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Does a compelling memoir require a life well lived, full of struggle and triumph, or just a really good writer?

Editor and writer Radhika Jones doesn't have the answer, but she does have a list of her three favorite memoirs. It's for our series Three Books, where authors recommend three books on one theme.

Ms. RADHIKA JONES (Editor and Writer): The memoir had a boom in the past couple of decades; now, it's facing a backlash. Whatever happened to the lost art of shutting up, Neil Genzlinger lamented in a recent piece in The New York Times book review.

It's a fair question: The genre that was once reserved for exceptional lives and exceptional writers - think presidents, prime ministers, Mary Karr and Joan Didion - now draws too many ho-hum accounts by people who don't seem to have lived much at all. But the good memoirs can be the next best thing to experiencing another life. Here are three that sustain my faith in the genre:

On the opening page of "Out of Sheer Rage," Geoff Dyer announces his intention of writing a sober, academic study of D.H. Lawrence, but that wouldn't have been much fun. Instead, Dyer makes a book out of all the worst-laid plans and half-baked decisions that keep him from completing his Lawrence opus. The reader acts as audience and enabler - who would want this self-deprecating charmer to waste his time on something so pedestrian as work? "Out of Sheer Rage" is a rambling blend of travelogue, journal, rant and incidental philosophy. The farther off track Dyer goes while pursuing his unorthodox devotion to Lawrence, the more entertaining he becomes. All failures should be this illuminating.

Inspired by a dream of jungle heat, Michael Ondaatje, the author of "The English Patient," travels from Canada to his birthplace, Sri Lanka, to explore his family roots. Happily for us, his forebearers were an irrepressible band of eccentrics, each more outrageous than the next. In set piece after gorgeous set piece, Ondaatje brings his ancestors and their lawless, Jazz Age Ceylon to life. "Running in the Family" is an immersive read. It takes you places you've never been - in geography, in memory - until you're not sure where to draw the line between magical and real. And it has the best memoir title ever.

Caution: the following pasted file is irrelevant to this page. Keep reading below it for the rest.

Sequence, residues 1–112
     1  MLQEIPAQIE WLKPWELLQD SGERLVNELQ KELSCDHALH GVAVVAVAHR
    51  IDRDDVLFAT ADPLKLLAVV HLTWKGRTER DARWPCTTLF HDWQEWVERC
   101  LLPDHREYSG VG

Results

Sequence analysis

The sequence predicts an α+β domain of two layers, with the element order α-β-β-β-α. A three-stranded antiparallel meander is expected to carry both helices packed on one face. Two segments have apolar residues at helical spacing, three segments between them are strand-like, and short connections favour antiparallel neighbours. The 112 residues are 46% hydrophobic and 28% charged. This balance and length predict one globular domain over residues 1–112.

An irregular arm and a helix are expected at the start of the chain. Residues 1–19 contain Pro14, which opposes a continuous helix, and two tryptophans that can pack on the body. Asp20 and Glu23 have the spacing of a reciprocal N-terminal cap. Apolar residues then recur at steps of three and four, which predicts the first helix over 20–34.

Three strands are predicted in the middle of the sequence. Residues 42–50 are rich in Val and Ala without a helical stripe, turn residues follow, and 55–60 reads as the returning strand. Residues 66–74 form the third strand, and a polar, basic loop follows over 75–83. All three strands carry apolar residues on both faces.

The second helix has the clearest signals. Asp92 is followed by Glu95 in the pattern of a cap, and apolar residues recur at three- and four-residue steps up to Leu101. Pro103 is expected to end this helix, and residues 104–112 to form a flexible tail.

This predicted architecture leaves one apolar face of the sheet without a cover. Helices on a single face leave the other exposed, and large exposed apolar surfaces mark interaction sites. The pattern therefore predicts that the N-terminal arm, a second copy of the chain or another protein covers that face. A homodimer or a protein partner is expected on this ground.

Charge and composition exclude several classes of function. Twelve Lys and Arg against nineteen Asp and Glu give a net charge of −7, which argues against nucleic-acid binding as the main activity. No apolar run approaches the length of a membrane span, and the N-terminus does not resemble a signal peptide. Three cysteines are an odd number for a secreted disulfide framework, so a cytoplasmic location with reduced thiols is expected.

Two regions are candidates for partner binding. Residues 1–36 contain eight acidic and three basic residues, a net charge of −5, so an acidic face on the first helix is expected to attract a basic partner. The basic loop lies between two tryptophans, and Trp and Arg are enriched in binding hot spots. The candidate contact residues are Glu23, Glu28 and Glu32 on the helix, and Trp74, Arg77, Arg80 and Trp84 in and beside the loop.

During her junior year of college, Sarah Manguso caught what she thought was a cold. In fact, it was the beginning of chronic idiopathic demyelinating polyradiculoneuropathy, a recurring autoimmune syndrome that left her paralyzed for weeks at a time, unable to care for herself, unsure of what her future would hold or if she would even have one. In "The Two Kinds of Decay," Manguso describes her condition and its effects in lyrical detail, making prose poems out of blood cleansings and vascular surgery. Her voice is clear-minded and never self-pitying, analytical but always evocative. Memoirs of illness abound, but few stack up to Manguso's spare, wrenching and beautiful book - a poignant example of how physical weakness can be transformed into intellectual and emotional strength.

Read enough bad memoirs - about rotten childhoods or impossible spouses or the wisdom of some guy's pet - and the good ones start to seem even more precious. These are three I loved to relive, almost as if they've become memories of my own.

NORRIS: Radhika Jones is assistant managing editor for Time magazine.

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